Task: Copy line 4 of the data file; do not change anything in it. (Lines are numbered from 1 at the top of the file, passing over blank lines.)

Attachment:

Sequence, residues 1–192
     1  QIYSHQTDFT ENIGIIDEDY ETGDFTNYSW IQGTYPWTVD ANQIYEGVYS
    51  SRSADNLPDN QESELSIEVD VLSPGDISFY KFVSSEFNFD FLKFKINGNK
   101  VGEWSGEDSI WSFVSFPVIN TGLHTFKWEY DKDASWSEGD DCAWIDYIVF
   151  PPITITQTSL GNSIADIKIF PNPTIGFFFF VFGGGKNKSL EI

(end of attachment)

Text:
   101  VGEWSGEDSI WSFVSFPVIN TGLHTFKWEY DKDASWSEGD DCAWIDYIVF